Which brings me to the subject of the bathrooms.  Both the fincas I visited had flush toilets in the house reserved for just peeing. All toilet paper goes in a trash bin next to the toilet and then gets composted (something I found is a common practice in Costa Rica to avoid clogged toilets).  Both places also had separate composting toilets that TP would go into along with a scoop of sawdust to help the process along.  But unique to Rancho Mastatal was their “Bio-D” toilet.  I had seen a video once about these bio-digestor toilets so it was interesting to get to see/use one in person.

The Bio-Digester toilets.  On the outside are mosaics illustrating the cycle created by using them.

The amazing Bio-Digester toilets. On the outside are mosaics illustrating the cycle created by using them. To note: the views from all the bathrooms and showers are quiet lush and green!

A bio-d toilet is similar to a composting toilet but is used for solid waste.There is a hose next to the toilet to “flush” down the contents into a holding tank underneath it. I believe this added water also helps with the process of converting the waste into methane fuel that then gets pumped up a small hill to the kitchen and gets used for cooking.  I know this might seem a bit repulsive to the uninitiated but I can attest from the cup of tea I made using the little stove it fuels that there is no residual smell.Actually, I think it’s kind of brilliant and is a good example of how Rancho Mastatal is committed to the full cycle of sustainable living.

The 3 stages of Mastal's composting stalls

The 3 stages of Mastal's composting stalls - another sign of their commitment to the cycle of sustainable living: The signs read: Let Me Be, Use Me, and Feed Me.

a shelf of books on food issues in the Rancho's library

Just one shelf of the Rancho's great collection of books on food, environmental and political issues

When I first arrived I was given a tour by Katina who, along with her partner Tyler, is acting as caretaker while Tim and Robin are away. The gardens here contained many of the same fruits and vegetables as at VerdEnergia: bananas, pineapple, passion fruit, cranberry hyacinth, peppers, water spinach, and various herbs to name a few. They also have lots of fruit trees spread out across their property. By the main house are hydroponic beds in which some eggplants and small tomatoes are being grown. The main water container for this set-up contained tilapia fish that will become food for their table once they got bigger.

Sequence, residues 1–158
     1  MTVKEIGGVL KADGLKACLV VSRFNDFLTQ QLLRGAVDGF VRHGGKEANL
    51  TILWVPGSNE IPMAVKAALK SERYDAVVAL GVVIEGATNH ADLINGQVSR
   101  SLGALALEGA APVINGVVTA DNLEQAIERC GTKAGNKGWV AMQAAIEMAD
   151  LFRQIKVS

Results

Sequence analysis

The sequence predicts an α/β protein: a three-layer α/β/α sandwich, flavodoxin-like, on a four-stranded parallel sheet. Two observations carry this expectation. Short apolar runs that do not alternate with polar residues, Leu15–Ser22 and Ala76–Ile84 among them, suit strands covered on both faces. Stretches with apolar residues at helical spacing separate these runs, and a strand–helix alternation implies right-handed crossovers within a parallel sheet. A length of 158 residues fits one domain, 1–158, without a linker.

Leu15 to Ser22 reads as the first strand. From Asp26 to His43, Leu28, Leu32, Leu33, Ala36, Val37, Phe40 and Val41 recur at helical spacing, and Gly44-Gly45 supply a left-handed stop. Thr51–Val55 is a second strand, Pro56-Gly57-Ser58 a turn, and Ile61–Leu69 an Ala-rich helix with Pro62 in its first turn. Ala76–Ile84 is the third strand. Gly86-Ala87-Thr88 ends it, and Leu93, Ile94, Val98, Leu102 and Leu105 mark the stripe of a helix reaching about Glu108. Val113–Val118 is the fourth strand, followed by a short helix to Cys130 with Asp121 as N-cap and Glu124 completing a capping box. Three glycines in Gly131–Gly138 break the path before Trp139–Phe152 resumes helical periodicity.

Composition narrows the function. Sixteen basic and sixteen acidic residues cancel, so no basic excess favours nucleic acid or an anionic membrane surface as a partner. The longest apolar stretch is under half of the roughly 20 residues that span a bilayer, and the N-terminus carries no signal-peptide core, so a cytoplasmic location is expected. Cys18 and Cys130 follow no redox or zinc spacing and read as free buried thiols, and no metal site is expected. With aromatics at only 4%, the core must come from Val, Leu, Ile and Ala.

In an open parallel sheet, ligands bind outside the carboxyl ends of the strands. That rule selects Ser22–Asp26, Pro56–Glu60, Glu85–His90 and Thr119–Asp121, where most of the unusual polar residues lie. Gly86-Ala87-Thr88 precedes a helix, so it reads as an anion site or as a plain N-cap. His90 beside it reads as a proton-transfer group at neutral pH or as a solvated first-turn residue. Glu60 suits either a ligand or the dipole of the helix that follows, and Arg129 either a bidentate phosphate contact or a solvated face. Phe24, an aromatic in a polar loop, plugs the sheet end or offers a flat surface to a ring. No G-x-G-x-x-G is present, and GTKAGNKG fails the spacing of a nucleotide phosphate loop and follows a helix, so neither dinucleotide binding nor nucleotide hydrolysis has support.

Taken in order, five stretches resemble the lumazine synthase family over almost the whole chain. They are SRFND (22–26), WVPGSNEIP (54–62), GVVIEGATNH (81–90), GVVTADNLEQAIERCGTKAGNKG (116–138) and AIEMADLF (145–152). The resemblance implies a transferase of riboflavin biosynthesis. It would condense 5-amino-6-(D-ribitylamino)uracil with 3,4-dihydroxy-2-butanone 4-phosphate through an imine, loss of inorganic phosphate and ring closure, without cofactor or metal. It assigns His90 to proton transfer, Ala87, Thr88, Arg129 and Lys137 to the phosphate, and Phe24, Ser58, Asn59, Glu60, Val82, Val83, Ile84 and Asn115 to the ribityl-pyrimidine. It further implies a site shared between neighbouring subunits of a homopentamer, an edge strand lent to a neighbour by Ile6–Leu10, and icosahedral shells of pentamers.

A view of the main house looking across the verdant front garden.

Looking across the verdant front yard gardens to the main house.

Chepo, a local Tico who has worked at Mastatal since its inception

Chepo, a local Tico who has worked at Mastatal since its inception, carrys greens to feed the goats.

The Rancho employs several local Ticos who help cook and maintain the property. They are in integral part of the Rancho’s success. Besides various jobs around the farm, the volunteer interns help cook in the kitchen and are fully in charge of Sunday brunch. Needless to say the food here – like at VerdEnergia is delicious and farm fresh.  I got very spoiled.

The farm has 6 goats, about 25 hens, and 1 cocky rooster plus several cats and dogs. Approximately 30-35 eggs a day are collected, not always enough to feed all the guests but a fair amount all the same. I left the Tuesday before Thanksgiving and there was talk having chicken for their holiday dinner. I am sorry I had to leave before then since, as an occasional meat-eater, I would like to have participated in the butchering of the hens to feel more connected to what I eat.

Simon carrying a basket of fresh chicken eggs

Simon carrying a basket of fresh chicken eggs

The two billy goats in their stalls

The farm's two billy goats (Oliver and Fenway) in their stalls

Liv, her hands sticky from making empanadas, stands in front of the Rancho's wood burning stove

Liv, her hands sticky from making empanadas, stands in front of the Rancho's wood burning stove

Priscilla and Chet from France - making crepes and falafels for Sunday brunch.

Prescilla and Chet, volunteers from France, making crepes and falafels for Sunday's brunch.

The current residents at Mastatal were mostly Americans but they often have Europeans, such as Chet and Prescilla from France, who find their way there.  Most visitors are young adults ranging from their late teens to their early 30’s but there was also Stacy, a mom in her early 40’s, and her two adorable daughters – Mica, 11 and Liv, 9. One lasting memory I will take away with me from my stay there was Liv asking her Mom if she could use the machete.  (The answer was “yes” as long as there was adult supervision. Talk about trust).

Like VerdEnergia, Mastatal also accepts volunteer interns who are eager to get some dirt under their fingernails and learn more about sustainable agriculture. Just spending three days at each of these fincas left a lasting impression on me.  I look forward to the day I can return for a longer visit and help with more than just photographing their exemplary work.

Rancho Mastatal, where even the dogs are politically engaged

Rancho Mastatal, where even the dogs are politically engaged.

Pura Vida – Part 1

view from VerdEnergia Farm

View from VerdEnergia Farm

I’m on the road at last. After weeks of planning (getting vaccines and visas) and packing (four pairs of socks or five?) I left for my first international destination: Costa Rica.  My original focus in this laid-back land was just going to be The Monteverde Cloud Forest which due to climate change is turning into more of a rain forest. But after my friend Jose Conde spoke to me about several fincas (farms) based on Permaculture, I knew I wanted to visit them to show the flip-side of the story of climate change. Much of our world is being altered by our putting too much carbon dioxide in the environment but there are many concerned citizens who are working to restore Mother Earth’s greenery.